3p: Sounds like basic good design.

MW: We need to convince people not to be put off by the fact that it’s folded in half. But the fact is, we have a story to tell.

3p: Speaking of transportation, how much of your product is produced here in the U.S.?

MW: We produce more in the U.S. than people might think. Almost 24 percent of what we sell here, is made here. Especially large items like sofas, mattresses, and kitchen cabinets. We see lots of opportunities in the next few years to increase that.

3p: I wanted to ask you about product take-back. Have you looked into the possibility of picking up old furniture to be recycled when you deliver new, or letting people bring products in when they are done with them?

MW: We have a group within the company that is looking at the whole chain, and how we might be able to reuse the material and put it back into making new products. That’s something that we’re putting quite a bit of energy into right now and see as a very important part of the whole product cycle. We’re already experimenting here in the U.S. There are some state and local regulations involved which limit our abilities to take back mattresses, but where we can we have been experimenting with mattress take-back programs.

3p: Anything else you want to add?

MW: Our plan is that by 2020 we’ll have a fourfold increase in the number of sustainable products sold. By the end of 2016, we want all of our cook tops to be induction, and we want energy consuming products to be 50 percent more efficient than they were in 2008, and we want to offer those products at the lowest price on the market.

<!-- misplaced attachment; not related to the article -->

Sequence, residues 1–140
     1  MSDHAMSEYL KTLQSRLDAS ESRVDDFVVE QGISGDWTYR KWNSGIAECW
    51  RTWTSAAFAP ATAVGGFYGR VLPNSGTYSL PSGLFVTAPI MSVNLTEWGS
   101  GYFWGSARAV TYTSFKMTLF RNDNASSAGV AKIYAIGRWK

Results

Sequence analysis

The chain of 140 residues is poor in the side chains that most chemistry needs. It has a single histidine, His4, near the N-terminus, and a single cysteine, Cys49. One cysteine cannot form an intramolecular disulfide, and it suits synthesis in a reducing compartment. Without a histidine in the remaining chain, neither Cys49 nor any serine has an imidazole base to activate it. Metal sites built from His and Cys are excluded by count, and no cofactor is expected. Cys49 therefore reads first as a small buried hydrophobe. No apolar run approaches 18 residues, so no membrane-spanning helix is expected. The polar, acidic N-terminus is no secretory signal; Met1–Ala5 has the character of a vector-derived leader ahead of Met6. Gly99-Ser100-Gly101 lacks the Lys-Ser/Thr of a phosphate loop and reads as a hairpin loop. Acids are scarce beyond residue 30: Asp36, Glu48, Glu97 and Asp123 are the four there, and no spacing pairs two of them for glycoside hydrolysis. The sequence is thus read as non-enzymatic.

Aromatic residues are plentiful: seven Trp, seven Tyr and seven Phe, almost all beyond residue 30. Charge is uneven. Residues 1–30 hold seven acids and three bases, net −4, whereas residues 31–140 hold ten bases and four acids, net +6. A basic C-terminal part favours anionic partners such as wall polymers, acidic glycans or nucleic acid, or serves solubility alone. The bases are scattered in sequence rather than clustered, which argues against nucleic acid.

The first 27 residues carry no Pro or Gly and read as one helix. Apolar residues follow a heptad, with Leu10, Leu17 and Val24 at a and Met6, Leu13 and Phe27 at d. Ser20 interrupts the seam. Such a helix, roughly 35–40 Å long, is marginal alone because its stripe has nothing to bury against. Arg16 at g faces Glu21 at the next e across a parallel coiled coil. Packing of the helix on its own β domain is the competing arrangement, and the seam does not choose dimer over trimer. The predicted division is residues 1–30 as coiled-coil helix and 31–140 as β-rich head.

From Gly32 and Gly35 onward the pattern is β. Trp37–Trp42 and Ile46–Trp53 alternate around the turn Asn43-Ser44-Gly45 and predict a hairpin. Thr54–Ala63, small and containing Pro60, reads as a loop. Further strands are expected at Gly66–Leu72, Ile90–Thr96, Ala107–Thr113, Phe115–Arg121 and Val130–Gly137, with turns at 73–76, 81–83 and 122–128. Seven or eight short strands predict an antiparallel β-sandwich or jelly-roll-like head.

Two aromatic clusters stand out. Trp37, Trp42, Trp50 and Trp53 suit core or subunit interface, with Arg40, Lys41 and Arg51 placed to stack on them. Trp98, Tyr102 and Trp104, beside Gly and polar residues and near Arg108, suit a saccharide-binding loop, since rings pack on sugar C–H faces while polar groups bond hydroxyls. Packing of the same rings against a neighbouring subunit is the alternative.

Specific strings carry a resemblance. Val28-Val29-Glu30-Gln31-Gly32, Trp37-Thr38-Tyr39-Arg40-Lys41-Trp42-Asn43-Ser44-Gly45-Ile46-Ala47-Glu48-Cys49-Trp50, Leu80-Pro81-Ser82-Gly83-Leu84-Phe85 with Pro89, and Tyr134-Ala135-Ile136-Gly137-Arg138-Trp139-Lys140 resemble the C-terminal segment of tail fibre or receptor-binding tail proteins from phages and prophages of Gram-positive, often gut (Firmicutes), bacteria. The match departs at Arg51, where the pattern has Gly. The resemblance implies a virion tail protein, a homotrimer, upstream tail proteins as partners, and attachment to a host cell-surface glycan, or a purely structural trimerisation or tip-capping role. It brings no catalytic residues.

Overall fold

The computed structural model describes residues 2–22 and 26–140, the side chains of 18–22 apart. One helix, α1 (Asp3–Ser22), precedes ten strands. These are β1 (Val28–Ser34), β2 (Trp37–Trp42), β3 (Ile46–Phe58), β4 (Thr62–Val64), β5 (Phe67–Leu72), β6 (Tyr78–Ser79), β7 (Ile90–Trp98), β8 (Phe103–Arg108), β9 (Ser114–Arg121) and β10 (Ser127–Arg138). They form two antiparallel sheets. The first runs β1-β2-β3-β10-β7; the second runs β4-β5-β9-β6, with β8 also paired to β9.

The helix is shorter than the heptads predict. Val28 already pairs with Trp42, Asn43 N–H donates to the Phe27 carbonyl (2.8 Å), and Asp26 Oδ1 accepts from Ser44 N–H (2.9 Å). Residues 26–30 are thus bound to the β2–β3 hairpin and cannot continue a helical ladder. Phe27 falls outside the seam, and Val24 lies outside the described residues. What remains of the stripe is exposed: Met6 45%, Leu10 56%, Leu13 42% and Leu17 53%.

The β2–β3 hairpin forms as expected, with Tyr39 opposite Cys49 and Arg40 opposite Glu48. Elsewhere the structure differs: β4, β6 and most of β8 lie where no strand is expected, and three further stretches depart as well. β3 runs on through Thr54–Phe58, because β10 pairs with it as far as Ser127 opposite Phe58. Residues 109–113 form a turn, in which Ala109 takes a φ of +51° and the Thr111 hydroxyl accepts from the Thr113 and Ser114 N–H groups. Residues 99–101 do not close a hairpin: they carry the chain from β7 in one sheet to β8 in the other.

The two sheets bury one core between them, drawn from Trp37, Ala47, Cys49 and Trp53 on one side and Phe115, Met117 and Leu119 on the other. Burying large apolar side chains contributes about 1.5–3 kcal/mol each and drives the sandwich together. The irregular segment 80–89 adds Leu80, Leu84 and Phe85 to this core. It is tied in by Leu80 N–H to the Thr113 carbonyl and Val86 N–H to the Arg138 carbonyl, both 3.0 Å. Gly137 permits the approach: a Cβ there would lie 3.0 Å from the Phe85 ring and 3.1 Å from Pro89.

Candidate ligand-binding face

3p: So that leaves better life and communities?

MW: All of global furnishing suppliers and all of our global food suppliers are now compliant with our supplier code of conduct called IWAY. I’m also personally excited by our annual soft toy promotion. That’s where we donate a euro for every soft toy sold to a fund that helps children get access to education. So far the program has reached 8 million. Our goal is to donate 20 million euros per year by 2020.


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  • Sara

    The main sustainability issue with IKEA products is that they are seen as temporary – place-holders for more expensive products to be purchased in the future. I think that making people want to keep the products potentially forever is the key to unlocking sustainability. People already stick to their Ektorps for decades – but this is not part of the company’s advertised value proposition, as yet. There is also a secondary market for IKEA products (people exchanging used furniture), which makes the life of the single Ektorp even longer. Investing for example in an official secondary market would be a proof of the durability of the furniture, and its sustainability.

  • Mark RegoM

    “Maintaining low prices” has many different contributing factors, and its effects on “sustainability” also relate to the corporate governance and social factors of the business. Amazon.com has no labor union currently in the US, while their German branch has a union, and functions in a country which requires big corporations to have a Worker Council represented on the Board. Co-operative businesses like Isthmus Engineering in Wisconsin and Alvarado St. Bakery in San Francisco, along with Mondragon Co-ops in Spain, and many co-ops in Emiglia-Romagna, Italy address basic issues by recognizing the human rights of their employees. Patagonia has just announced they are going to use Fair Trade cotton. IKEA sounds like they’re taking baby steps.